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Plagiarism can be defined in multiple ways, but the most basic definition refers to the act of representing another person’s work as one’s own. Derived from the Latin root plagiarius which means “kidnapper,” plagiarism involves stealing another person’s ideas, words, or results without appropriately assigning credit, effectively passing the work off as one’s own creative output. In defining plagiarism, it is useful to examine the multiple forms that plagiarism can take. Forms of plagiarism include blatant plagiarism, technical plagiarism, patchwork plagiarism, and self-plagiarism. Blatant plagiarism is a deliberate act intended to deceive others; in this case, a person copies work and knowingly omits citation or giving credit to the original source. Technical plagiarism occurs when someone unintentionally fails to give proper attribution to borrowed material due to a failure to follow accepted methods of citation through a lack of knowledge or understanding of prevailing acceptable attribution guidelines. Patchwork plagiarism refers to a practice of sampling pieces from multiple sources, putting them together with minimal changes, and then presenting the product as a new contribution. Finally, self-plagiarism is substantially reusing one’s own work. Examples of self-plagiarism include submitting largely similar papers to multiple outlets, recycling portions of previously published work in new work, and making slight additions to previously published data in order to rework the data and submit it as a new piece of research.

This entry examines the concept of plagiarism including the history, impact of technology, and implications for research and higher education.


Prior to the invention of the printing press, writers were encouraged to take and build on other people’s work, grounded in the Greek concept of mimesis or imitation. Using other people’s work was seen as complementing or paying homage to people and works that were seen as great in a given field. Spurred in part by the printing press and the protestant reformation, the growth of authorship as a profession started to change the way people viewed using borrowed material. Rather than focusing on mimesis as a standard of spreading and celebrating singular ideas and styles, notions of originality and individual thought became more central to the creative process. Starting in the 1700s, newly passed copyright laws made plagiarism an important issue for authors and publishers, and the use of borrowed material was not only discouraged, it was illegal. Plagiarism could increasingly affect an author’s ability to make a living and was therefore increasingly policed.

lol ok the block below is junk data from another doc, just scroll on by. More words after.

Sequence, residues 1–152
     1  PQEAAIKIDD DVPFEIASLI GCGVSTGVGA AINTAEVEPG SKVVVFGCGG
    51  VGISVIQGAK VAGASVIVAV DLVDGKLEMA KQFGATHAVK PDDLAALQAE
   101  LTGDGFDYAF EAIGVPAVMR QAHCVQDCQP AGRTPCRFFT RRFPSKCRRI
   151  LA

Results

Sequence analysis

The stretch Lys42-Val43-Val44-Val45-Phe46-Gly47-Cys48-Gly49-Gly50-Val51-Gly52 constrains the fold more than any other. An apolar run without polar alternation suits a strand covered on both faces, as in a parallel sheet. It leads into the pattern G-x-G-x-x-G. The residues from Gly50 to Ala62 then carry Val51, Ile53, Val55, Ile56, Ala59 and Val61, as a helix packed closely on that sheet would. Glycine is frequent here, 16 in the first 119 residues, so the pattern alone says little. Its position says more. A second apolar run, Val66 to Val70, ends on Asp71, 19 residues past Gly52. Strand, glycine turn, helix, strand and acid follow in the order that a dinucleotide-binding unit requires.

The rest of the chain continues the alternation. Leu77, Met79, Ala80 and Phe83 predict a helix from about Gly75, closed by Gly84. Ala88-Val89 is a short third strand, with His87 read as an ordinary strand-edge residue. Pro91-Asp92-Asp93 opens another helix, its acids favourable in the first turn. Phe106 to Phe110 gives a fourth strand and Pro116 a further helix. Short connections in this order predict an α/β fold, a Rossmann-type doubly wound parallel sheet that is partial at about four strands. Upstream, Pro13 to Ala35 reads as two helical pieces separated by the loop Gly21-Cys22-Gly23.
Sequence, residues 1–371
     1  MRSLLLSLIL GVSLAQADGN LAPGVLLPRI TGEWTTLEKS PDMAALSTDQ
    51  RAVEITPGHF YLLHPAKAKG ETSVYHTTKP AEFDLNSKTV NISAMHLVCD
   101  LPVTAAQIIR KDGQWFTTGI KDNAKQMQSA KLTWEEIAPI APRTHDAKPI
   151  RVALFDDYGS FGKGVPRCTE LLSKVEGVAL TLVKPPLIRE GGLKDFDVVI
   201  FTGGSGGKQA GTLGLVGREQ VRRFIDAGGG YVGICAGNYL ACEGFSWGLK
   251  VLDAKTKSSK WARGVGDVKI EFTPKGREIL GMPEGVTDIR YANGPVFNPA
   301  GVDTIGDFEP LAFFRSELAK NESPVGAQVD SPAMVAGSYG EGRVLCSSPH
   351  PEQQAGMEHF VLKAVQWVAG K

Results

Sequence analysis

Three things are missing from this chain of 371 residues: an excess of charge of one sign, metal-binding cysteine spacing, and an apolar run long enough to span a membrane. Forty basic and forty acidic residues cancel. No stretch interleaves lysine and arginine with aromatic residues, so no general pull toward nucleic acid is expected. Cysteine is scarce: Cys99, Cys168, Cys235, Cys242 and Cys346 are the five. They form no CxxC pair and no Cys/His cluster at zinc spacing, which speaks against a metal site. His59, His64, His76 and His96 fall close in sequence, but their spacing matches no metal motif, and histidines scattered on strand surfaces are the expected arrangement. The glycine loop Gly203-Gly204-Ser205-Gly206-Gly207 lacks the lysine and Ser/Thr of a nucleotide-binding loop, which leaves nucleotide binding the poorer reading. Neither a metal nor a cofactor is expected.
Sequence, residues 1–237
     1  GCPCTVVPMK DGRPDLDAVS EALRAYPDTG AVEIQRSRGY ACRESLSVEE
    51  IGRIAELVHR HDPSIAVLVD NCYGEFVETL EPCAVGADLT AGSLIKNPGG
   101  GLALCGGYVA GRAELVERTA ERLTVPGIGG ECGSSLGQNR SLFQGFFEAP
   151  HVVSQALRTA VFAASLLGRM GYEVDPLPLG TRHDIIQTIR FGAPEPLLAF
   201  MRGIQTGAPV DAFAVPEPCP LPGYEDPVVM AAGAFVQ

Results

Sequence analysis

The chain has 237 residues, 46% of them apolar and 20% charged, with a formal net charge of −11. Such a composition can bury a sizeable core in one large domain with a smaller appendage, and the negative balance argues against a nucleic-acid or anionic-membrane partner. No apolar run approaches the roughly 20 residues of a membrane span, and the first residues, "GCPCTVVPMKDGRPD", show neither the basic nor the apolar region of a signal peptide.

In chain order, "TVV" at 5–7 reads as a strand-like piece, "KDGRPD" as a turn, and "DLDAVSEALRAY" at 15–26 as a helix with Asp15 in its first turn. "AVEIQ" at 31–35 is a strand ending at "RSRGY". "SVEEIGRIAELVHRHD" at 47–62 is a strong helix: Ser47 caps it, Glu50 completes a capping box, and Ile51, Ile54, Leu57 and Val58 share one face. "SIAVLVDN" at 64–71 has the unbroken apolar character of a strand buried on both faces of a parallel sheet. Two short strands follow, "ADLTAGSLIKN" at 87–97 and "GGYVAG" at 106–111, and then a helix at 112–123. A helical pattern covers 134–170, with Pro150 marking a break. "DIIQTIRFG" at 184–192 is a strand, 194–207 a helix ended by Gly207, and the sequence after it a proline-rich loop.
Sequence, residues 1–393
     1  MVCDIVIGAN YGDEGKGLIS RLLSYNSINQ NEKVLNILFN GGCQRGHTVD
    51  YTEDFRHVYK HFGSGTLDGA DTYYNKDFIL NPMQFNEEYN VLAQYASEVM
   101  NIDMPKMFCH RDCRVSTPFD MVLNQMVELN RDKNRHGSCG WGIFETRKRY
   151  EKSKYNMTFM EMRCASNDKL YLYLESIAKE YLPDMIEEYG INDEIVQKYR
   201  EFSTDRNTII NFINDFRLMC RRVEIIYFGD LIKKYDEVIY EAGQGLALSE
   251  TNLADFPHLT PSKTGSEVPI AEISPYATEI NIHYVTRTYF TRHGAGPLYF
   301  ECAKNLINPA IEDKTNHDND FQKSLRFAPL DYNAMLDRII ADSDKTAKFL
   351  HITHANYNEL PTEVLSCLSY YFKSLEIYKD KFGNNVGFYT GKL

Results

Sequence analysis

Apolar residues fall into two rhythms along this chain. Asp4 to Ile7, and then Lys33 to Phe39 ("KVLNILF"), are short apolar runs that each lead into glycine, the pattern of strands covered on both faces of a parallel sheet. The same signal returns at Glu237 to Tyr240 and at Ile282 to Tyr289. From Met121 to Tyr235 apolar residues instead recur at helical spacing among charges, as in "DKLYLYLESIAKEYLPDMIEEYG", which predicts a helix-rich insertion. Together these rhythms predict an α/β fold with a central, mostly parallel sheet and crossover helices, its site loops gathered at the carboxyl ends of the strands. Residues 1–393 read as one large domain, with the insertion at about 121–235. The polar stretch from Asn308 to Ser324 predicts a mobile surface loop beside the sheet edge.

Despite copyright laws, plagiarism continued to be a growing problem at many colleges and universities. As universities began enrolling more students, the focus on oral presentation as a primary assessment of student achievement gave way to written work, and students saw plagiarism as a viable reaction to the increased writing loads. In addition, until the late 19th and early 20th century, there were no agreed upon standards for citing work, so much of the plagiarism that occurred was unintentional. Plagiarism continued to plague schools, news organizations, and other organizations throughout the 1900s, and with the advent of widespread Internet use in the 1990s, plagiarism was impacted by the ease and access of information.

Impact of Technology

Digital technology and the Internet have contributed to an environment that supports plagiarism. Sometimes referred to as “mouse click” plagiarism, technology has impacted how ownership of information is perceived. First, because people are used to freely using and downloading material found on the Internet, they become desensitized to the ethical issues of using that material as if it is their own. Second, the Internet provides access to so much information researchers start to think there just isn’t anything new to contribute, so they end up using someone else’s ideas. Finally, the rise of Internet-based “paper mills,” which sell papers and essays to students over the Web, feed into a consumer mentality that says you own what you pay for, which blurs the lines of intellectual property. The paper mill problem is compounded by the speed and ease of access which make these paper mills an attractive prospect for students.

While technology may exacerbate the plagiarism problem, it also makes it easier to spot plagiarism. By searching the Internet for quotes or sections of a work in question, publishers, editors, and instructors have a quick and vast resource to identify whether the submitted material exists in an original source by another author. Just as paper mills have popped up to supply a demand for prewritten work, digital commercial services to help educators identify plagiarism have also multiplied to meet a demand for resources to fight the continued issue of plagiarism in the modern classroom. While some argue that it is essential to utilize such services as a response to digital plagiarism, there are others that maintain the real problem is digital literacy, and therefore the only real way to change the plagiarism trend is to educate students on how to identify, sort, use, and cite various Internet sources. The conversation among educators on whether energy is better spent policing and punishing plagiarism or trying to build students’ skills to avoid plagiarism in the first place is ongoing.

Implications for Research and Education